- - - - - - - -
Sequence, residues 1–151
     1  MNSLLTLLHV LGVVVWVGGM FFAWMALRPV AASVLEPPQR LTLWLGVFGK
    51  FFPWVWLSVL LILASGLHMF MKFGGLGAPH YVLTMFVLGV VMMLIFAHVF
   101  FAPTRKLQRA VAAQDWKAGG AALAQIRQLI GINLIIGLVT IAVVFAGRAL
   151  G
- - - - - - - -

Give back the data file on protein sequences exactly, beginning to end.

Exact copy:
Sequence, residues 1–151
     1  MNSLLTLLHV LGVVVWVGGM FFAWMALRPV AASVLEPPQR LTLWLGVFGK
    51  FFPWVWLSVL LILASGLHMF MKFGGLGAPH YVLTMFVLGV VMMLIFAHVF
   101  FAPTRKLQRA VAAQDWKAGG AALAQIRQLI GINLIIGLVT IAVVFAGRAL
   151  G